I do believe that we should follow the four points that were advocated that relate directly to what the FAA is doing in the United States with a very sensible, straightforward approach. If you're out of the ambit of the 55-pound rule or if you want to go above 400 feet, then you'd be subject to a much more stringent regulatory structure because, obviously, that introduces a different degree of risk.
I very much look forward to this discussion and speaking with you further about this.
I really like the term “technopanic” that Mr. Fraser used. In recent years, whenever a new technology or application has reached as many people as possible, we have actually witnessed a technopanic.
In the case of drones, I believe there is legitimate concern when it comes to the safety of airline passengers or small aircraft users. We are in fact seeing more and more drones.
Mr. Gervais, I was a little surprised that you’re asking Best Buy stores not to sell drones to people who don’t have a certificate or a licence.
We are just starting our study on drones, and I expect we will be learning a lot about this in the coming weeks.
The last time I walked into a Best Buy store, I saw drones the size of my coffee mug, but also bigger ones. Mr. Fraser uses drones to do photography at 200 or 300 feet altitude.
Of the drones being used right now, which are the most threatening for the airline industry?
The question is first for Mr. Gervais and then for Mr. Adamus.
The 764 reported incidents are reports from aircraft to the air traffic controller that a drone is in their sight. It doesn't necessarily mean there's a risk of collision, but they're close enough that they can see them. Whenever it's close enough to see, that's a significant event.
For example, when aircraft are flying above each other, there has to be a 1,000-foot separation, or three nautical miles horizontally, so you have to be a long way apart. If you can see a drone, that's a significant event. That would be categorized as a near miss with another aircraft.
As an example that I was involved in, I was getting ready to depart out of, I believe, Atlanta. The aircraft in front of me, just as it was climbing out through a couple of hundred feet, reported a drone, and they actually had to turn to avoid it. When we were given takeoff clearance, we were given a turn right away to avoid it. That's the closest I've come to a drone, and I didn't see it.
The incident that was reported over Lake Ontario last week or the week before—again, we don't know what it was—would be the most severe type of case, where pilots have to take drastic action to avoid hitting a drone. We all know what birds can do to aircraft. We are all very familiar with the Hudson River incident. A drone is a lot more dense. If it's ingested into an engine, it's likely to take out the engine. If it hits a control surface, control of the aircraft could be in jeopardy. If it hits the windscreen, it could crack the windscreen. There's a lot of damage these drones can do to aircraft.
Thank you for the question.
In my own experience, I generally do landscape photography, so I'm not looking in anybody's backyard. Certainly when it comes to these sorts of questions, I think we have to ask, do we need additional rules? Is it justified?
You can currently get very high-resolution satellite images of every single square foot or square metre of Canada. Already, if I was curious about whether you had a pool or a hot tub in your backyard, I could publicly go and buy that information. Does the fact of using a different technology change that dramatically?
One thing that I am mindful of is that most of the drones that are out there.... You often hear about what will be under the Christmas tree. There are going to be millions of them under Christmas trees this Christmas. Most of them have wide-angle lenses, and they are intended for landscape—to take in the vista, the amazing view that you have from up there. In most cases, you are not actually close enough. I've flown near people. I've obviously flown near myself, and when you get up to a certain level, I am unrecognizable.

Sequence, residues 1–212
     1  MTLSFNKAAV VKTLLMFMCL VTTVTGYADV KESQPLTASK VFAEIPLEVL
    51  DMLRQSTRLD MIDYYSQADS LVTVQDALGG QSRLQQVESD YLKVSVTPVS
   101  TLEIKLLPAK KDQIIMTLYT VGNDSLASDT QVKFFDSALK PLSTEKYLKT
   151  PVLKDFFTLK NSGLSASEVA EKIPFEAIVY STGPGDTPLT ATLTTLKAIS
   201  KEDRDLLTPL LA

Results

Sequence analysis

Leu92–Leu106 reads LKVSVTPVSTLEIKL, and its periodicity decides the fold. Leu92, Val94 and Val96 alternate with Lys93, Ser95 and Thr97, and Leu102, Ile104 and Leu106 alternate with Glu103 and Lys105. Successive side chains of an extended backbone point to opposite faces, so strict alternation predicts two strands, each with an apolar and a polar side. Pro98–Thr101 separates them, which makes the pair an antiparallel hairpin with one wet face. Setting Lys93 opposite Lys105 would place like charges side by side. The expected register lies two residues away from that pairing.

Privacy law is about personal information, identifiable individuals. Most drones or UAVs that you find in Consumer Reports for recreational purposes really don't have all that big an impact on privacy. It's more a perception than a reality.
However, I've certainly heard from people who feel that having a drone fly over their neighbourhood or their house is, in and of itself, an intrusion. I'm not sure there is a whole lot more that could be said about that.
Thank you, Madam Chair.
My thanks to the witnesses for their participation today.
At first glance, I wondered whether this matter was really an emergency, but the more I listen to you, the more I realize its importance.
We have talked a lot about air traffic safety. We are also talking about the protection of privacy. I was the mayor of a municipality with 45,000 people. Our discussions have reminded me of a situation in which I had to deal with the city's lawyers. A resident who had security cameras also used them to photograph his neighbour when she was sitting around her swimming pool in a bathing suit. We had to handle that situation.
I clearly remember the clerk of the municipality telling us about the problems that would come with drones and cameras, and the challenge of determining who would assume the responsibility. The people turn to municipalities, but these issues fall under federal jurisdiction.
Many issues will have to be addressed. For instance, we have not really talked about security issues involving terrorists and their potential use of drones. I have not seen the list with all the witnesses who will be appearing, but I suppose we'll be talking to other witnesses.
In navigation, training is provided for water craft used in leisure activities. Every person who wants to drive a motor boat must first fill out a questionnaire on the Internet. Although I have never done so, I imagine that the idea is to educate those people through the various questions and provide them with information so that they can better understand the issues. Naturally, someone might impersonate another person and pass the test, but given the way it's done, we can assume that the majority of people are following this process.
In your opinion, should all drone users be required to undergo that type of training?